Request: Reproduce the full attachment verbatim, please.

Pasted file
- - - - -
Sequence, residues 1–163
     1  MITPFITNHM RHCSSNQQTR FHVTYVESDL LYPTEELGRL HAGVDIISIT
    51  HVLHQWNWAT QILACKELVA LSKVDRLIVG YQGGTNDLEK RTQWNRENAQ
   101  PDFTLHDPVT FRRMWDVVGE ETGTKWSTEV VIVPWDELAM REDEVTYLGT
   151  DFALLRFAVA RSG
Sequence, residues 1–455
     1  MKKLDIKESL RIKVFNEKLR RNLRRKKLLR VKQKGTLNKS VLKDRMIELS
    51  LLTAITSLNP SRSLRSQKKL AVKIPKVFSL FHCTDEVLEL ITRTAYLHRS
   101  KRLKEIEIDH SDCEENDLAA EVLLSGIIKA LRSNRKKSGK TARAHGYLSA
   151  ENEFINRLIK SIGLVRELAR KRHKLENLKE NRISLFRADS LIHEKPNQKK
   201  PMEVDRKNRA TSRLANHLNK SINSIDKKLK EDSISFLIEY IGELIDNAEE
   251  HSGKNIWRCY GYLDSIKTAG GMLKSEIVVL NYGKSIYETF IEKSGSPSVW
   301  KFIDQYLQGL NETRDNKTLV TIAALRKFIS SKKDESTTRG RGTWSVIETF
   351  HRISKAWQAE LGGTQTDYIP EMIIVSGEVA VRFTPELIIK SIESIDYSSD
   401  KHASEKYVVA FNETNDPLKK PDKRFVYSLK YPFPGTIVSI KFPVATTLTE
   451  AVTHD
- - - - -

Sequence, residues 1–163
     1  MITPFITNHM RHCSSNQQTR FHVTYVESDL LYPTEELGRL HAGVDIISIT
    51  HVLHQWNWAT QILACKELVA LSKVDRLIVG YQGGTNDLEK RTQWNRENAQ
   101  PDFTLHDPVT FRRMWDVVGE ETGTKWSTEV VIVPWDELAM REDEVTYLGT
   151  DFALLRFAVA RSG
Sequence, residues 1–455
     1  MKKLDIKESL RIKVFNEKLR RNLRRKKLLR VKQKGTLNKS VLKDRMIELS
    51  LLTAITSLNP SRSLRSQKKL AVKIPKVFSL FHCTDEVLEL ITRTAYLHRS
   101  KRLKEIEIDH SDCEENDLAA EVLLSGIIKA LRSNRKKSGK TARAHGYLSA
   151  ENEFINRLIK SIGLVRELAR KRHKLENLKE NRISLFRADS LIHEKPNQKK
   201  PMEVDRKNRA TSRLANHLNK SINSIDKKLK EDSISFLIEY IGELIDNAEE
   251  HSGKNIWRCY GYLDSIKTAG GMLKSEIVVL NYGKSIYETF IEKSGSPSVW
   301  KFIDQYLQGL NETRDNKTLV TIAALRKFIS SKKDESTTRG RGTWSVIETF
   351  HRISKAWQAE LGGTQTDYIP EMIIVSGEVA VRFTPELIIK SIESIDYSSD
   401  KHASEKYVVA FNETNDPLKK PDKRFVYSLK YPFPGTIVSI KFPVATTLTE
   451  AVTHD